‘There is no doubt that Kids Company has made a big difference to the lives of some very vulnerable children. But so have Barnardos, the Children’s Society, Trussell Trust foodbanks and many, many more low-profile children’s charities whose names are less familiar.’
~ Left Foot Forward Mag
The journalist who listed Barnado’s did so I believe without catching the irony. Founded in 1866 to care for vulnerable people and young children, it has not been without its controversies. Since 2011 Barnardo’s has been criticised for its work in Cedars, the name chosen by UK Immigration Enforcement for what it describes as “pre-departure accommodation” (detention facility) near Gatwick Airport used to hold families with children pending deportation.
Barnardo’s provided “welfare and social care facilities” at the detention centre, which is managed on behalf of UK Visas and Immigration by private security company G4S. Barnardo’s had been criticised by Frances Webber of the Institute of Race Relations for “legitimising child detention”.
Activists opposed to the detention of children, such as members of the No Border network, had mounted a campaign against the charity’s involvement in Cedars including actions such as occupying Barnardo’s London head office in February 2012,and disrupting the “Barnardo’s Young Supporters” choir concert at the Royal Albert Hall in April 2012.
As for The Children’s Society, it became embroiled in a cash row in 2001, when it decided to bring its work in Wales to a close.
Staff at the Children’s Society in Wales demanded the charity hand over more than £5m worth of assets to help them continue their work past 2002. The staff also warned they need emergency funding worth £300,000 in the interim if they were to maintain services over the following nine months whilst they set up a new children’s charity.
At the time the Children’s Society was running 14 projects across the country, providing advocacy, family support and anti-poverty work.
‘We can ask the question about whether better-managed charities might have spent £160 million with better long-term outcomes for children. There is also no doubt that Kids Company has diverted funds – both statutory grants and private donations – from other children’s charities.’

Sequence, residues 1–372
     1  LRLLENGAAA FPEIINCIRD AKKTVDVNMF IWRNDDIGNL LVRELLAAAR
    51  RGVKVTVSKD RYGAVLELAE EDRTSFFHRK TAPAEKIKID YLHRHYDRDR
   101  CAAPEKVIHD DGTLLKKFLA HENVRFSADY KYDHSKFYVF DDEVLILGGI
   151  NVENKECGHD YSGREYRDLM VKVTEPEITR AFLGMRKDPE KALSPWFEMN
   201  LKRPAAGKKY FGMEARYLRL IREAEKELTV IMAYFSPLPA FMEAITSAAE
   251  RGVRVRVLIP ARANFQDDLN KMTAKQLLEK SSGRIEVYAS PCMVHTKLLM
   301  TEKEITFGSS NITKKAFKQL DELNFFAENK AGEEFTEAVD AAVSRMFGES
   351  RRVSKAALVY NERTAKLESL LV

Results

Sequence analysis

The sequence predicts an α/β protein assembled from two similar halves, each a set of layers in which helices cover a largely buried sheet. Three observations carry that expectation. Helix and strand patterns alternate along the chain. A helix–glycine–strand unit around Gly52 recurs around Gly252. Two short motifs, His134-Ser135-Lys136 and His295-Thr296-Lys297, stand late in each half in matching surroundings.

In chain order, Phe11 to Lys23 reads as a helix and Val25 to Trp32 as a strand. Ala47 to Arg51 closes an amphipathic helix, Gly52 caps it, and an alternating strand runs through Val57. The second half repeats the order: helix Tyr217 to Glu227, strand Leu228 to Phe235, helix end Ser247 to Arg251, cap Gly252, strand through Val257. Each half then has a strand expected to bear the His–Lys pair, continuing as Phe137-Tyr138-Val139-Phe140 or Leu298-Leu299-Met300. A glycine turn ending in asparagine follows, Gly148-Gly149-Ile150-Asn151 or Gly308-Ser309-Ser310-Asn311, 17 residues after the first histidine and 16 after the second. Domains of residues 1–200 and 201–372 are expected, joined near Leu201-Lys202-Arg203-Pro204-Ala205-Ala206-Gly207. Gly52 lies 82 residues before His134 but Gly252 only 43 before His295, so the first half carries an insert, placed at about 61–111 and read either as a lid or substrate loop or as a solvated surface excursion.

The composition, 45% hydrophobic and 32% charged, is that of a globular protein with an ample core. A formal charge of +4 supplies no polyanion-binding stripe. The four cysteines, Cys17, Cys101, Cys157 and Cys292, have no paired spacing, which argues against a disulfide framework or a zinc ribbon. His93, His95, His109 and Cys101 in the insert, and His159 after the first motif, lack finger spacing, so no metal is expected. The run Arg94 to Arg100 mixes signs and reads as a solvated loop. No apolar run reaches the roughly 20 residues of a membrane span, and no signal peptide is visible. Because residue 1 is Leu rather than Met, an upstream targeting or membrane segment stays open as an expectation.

~Another quote from Left Foot Forward
Yes, the question should be asked, could other charities have done better? That is other charities working with child gang members, many of whom are between the ages of ten and fifteen, quite a few of whom are involved in the commission of criminal offences, a significant number of whom are psychologically disturbed. Could those charities also have managed parents who may also have been gang members & had issues of their own, well enough to be able to reach those children & help them professionally? I doubt it, I doubt it on the basis of the little I have seen & the little I have been obliged to learn.
I can recall a black middle-class professional attempting to help her mother raise her gang-banging brother’s kids. She described the entire experience as an unbridled nightmare, simply because she lacked the professional expertise to be able to handle her brother & his partners constant to-ing and fro-ing and the impact this had on the stability of two children. She also lacked the professional help she needed, in order to manage the situation. She could have done with an organisation like Kids Company being around then.
Has Kids Company fallen down on its management of its finances, very likely, but it would not be the first charity to do so. Have they fallen foul of a refusal to be more diplomatic in articulating the needs of their children and the way in which this government had been failing them? I suspect so, but then again it wouldn’t be the first charity to do so.
Remember the Trussell Trust? It‘s chair person had said that the charity made a decision to tone down its criticisms of the benefit system, after someone in power warned them that they could get shut down. Well, Kids Company has been shut down, and in such a way that one can sense this Tory government’s slick, lubricated fingerprints all over this particular tragedy. It’s a tragedy because it takes months and years to build up the trust that enable kids like these to be reached.
Months and years, not just money. All the middle-class and upper-class critics of this charity forget one thing, getting money was never the issue for these kids. If you’re dealing drugs, mugging people, breaking and entering and shoplifting, you will have access to money. Feeling safe, feeling loved, having academic hopes and dreams realised, getting fed and having access to ‘legitimate’ money were the issues.